With wind speeds that can top 180 miles per hour, hurricanes are not usually thought of as slow. Yet tropical cyclones, which include hurricanes, have grown more sluggish since the mid-20th century, researchers say. That may mean bad news for people residing in their path.
A study published Wednesday in the journal Nature focuses on what is known as translation speed, which measures how quickly a storm is moving over an area, say, from Miami to the Florida Panhandle. Between 1949 and 2016, tropical cyclone translation speeds declined 10 percent worldwide, the study says. The storms, in effect, are sticking around places for a longer period of time.
Lingering hurricanes can be a problem, as Texans learned last year when Hurricane Harvey stalled over the state, causing devastating flooding and billions of dollars of damage. The storm dropped more than 30 inches of rain in two days and nearly 50 inches over four days in some places. A report released this month by Harris County, which includes Houston, found that Harvey’s rainfall exceeded every known flooding event in American history since 1899.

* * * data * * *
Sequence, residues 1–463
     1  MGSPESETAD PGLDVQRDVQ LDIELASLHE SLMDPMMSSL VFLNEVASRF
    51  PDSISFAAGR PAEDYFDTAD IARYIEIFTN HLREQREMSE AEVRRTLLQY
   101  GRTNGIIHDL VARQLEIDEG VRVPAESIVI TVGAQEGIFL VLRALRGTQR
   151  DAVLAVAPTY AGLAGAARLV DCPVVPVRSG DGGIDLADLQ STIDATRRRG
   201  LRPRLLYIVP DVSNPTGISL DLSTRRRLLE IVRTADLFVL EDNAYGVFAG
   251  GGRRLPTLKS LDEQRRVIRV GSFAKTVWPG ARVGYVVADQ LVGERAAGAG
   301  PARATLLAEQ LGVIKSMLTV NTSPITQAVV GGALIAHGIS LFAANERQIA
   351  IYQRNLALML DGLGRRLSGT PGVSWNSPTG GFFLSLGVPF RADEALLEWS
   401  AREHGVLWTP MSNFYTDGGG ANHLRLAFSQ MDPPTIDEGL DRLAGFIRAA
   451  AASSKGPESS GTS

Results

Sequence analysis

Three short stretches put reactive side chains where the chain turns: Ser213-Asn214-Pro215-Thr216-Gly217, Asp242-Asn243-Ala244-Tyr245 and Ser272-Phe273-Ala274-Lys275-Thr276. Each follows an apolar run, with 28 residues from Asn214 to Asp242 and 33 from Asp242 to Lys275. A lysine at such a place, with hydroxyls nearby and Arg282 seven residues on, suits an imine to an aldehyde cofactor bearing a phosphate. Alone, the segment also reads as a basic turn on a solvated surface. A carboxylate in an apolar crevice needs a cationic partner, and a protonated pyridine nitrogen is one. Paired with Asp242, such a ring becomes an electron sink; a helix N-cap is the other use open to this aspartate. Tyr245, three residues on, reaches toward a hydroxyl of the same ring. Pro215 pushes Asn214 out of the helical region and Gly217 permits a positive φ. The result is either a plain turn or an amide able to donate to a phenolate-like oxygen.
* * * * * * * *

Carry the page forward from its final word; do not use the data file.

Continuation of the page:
“The really, really high rainfall totals were because the storm moved so slowly,” said Deanna Hence, a professor of atmospheric sciences at the University of Illinois at Urbana-Champaign, who was not involved in the new research. “The large amount of rain that is going to come out of a tropical storm or hurricane anyway fell in the same place over a long period of time.”